Keeping in mind the Covid-19 pandemic, the Government of India has recently amended its existing consolidated Foreign Direct Investment (FDI) policy, an initiative aimed to curb opportunistic takeovers/acquisition of Indian companies from its neighbouring nations.
The Department for Promotion of Industry and Internal Trade (DPIIT) through a Press Note No.3 of 2020, has announced that any of India’s neighbouring countries will require the Indian Government approval in case of any FDI investments in India. Many opine that this move is aimed to mainly curb Chinese investments in India.
To summarise the note, any entity in a country that shares its borders with India or where the beneficial owner of investment in India is situated in a country that shares its borders with India is allowed to invest in Indian businesses/entities only under the Government approved route. The note also states that any transfer of ownership from existing or future FDI in an entity in India resulting in the beneficial ownership falling within the purview of the above restrictions would require the government’s approval.
Through this article, we aim to discuss what do we consider as beneficial ownership, the ambiguity within the term “beneficial ownership”, and whether the recent amendments can impact Chinese LPs investing In Indian funds.
Ambiguity On “Beneficial Ownership”
The term “beneficial ownership” though used in the FEMA Notification (and the Foreign Exchange Management (Non-debt Instruments) Amendment Rules, 2020) is not defined either in the Notification or the FEM Amendment Rules.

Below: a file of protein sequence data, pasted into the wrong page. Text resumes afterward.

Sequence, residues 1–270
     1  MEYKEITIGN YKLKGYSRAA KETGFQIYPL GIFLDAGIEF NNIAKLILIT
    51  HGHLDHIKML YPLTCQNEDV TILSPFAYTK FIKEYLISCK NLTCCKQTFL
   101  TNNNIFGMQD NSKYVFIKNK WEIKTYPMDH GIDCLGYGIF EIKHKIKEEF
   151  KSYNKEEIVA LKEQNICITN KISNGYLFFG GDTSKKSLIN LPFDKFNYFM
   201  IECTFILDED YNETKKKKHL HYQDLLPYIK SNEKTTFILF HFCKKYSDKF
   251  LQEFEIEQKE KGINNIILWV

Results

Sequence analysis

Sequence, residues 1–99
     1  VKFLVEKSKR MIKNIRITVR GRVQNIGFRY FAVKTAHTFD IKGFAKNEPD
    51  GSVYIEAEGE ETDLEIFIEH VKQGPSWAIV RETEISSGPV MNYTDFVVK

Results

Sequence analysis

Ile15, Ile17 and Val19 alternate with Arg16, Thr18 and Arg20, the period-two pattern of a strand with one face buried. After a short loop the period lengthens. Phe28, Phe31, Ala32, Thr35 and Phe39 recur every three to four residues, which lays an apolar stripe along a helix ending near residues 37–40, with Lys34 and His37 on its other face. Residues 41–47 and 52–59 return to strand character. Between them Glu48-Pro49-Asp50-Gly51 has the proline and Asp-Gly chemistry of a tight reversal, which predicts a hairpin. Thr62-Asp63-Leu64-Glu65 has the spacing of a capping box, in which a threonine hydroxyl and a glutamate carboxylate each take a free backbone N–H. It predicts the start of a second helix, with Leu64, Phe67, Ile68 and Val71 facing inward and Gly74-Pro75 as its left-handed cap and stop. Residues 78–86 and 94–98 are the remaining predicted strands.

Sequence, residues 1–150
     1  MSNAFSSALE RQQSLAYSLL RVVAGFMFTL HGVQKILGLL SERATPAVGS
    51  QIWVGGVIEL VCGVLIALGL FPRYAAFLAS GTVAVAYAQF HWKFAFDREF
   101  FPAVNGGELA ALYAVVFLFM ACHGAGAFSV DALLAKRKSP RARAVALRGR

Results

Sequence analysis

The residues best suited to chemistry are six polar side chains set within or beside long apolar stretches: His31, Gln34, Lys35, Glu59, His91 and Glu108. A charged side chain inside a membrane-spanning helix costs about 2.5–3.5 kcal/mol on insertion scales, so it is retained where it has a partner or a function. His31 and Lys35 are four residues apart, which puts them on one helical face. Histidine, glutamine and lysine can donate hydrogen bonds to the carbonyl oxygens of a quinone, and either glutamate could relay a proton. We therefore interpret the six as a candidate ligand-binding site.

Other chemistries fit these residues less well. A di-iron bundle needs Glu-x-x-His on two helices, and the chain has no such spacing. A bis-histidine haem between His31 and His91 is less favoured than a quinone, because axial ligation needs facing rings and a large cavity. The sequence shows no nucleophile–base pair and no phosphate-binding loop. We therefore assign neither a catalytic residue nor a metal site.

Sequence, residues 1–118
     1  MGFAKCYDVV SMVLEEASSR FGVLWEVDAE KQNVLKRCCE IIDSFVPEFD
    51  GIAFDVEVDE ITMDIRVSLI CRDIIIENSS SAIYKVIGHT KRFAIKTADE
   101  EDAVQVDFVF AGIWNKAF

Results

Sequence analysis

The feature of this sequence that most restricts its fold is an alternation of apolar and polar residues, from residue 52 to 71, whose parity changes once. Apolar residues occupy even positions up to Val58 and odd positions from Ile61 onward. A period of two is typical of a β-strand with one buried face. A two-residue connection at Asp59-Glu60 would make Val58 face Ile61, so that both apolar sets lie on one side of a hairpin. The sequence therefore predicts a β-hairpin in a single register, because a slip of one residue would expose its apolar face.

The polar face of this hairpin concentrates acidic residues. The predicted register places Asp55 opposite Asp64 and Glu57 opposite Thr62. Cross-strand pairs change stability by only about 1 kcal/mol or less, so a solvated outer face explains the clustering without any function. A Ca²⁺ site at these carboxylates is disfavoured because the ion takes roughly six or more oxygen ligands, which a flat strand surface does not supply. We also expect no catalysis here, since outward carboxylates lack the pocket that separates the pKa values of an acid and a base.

However, in the FEM (Non-Debt Instruments) Rules, 2019, there is a passing reference to the term “beneficial interest” and “beneficial holding”. The Explanation to the term “foreign investment” provides that if a declaration is made by a person as per the provisions of the Companies Act, 2013 about a beneficial interest being held by a person resident outside India, then even though the investment may be made by a resident Indian citizen, the same shall be counted as foreign investment.
While the Companies Act read with the Companies (Significant Beneficial Owners) Rules 2018 (“SBO Rules“) defines the term “Significant Beneficial Owner” (“SBO“); the Prevention of Money-laundering (Maintenance of Records) Rules, 2005 (“PMLA Rules“) deals with the (ultimate) beneficial owners (“UBO“). Both the Companies SBO Rules and PMLA Rules have different thresholds for determination of beneficial owners in case of companies.
Considering the reference to the term “beneficial interest” as used in the Explanation to the term “foreign investment”, for the moment, till such time the Government defines/ clarifies the exact meaning of “beneficial ownership”, we will import the definition of the term “SBO” under the Companies Act for this Amendment.
By introducing this concept, the Government is proposing to bring not only FDI investments by entities/individuals from the neighbouring countries sharing land borders with India under the Government approval route but also indirect foreign investments into Indian companies from countries other than these neighbouring nations.
To determine whether FDI by a multi-layered investment entity which is ultimately registered in any of these neighbouring countries will fall within the approval route, the Government must issue a clarification at the earliest, so as to overcome this ambiguity and lack of clarity.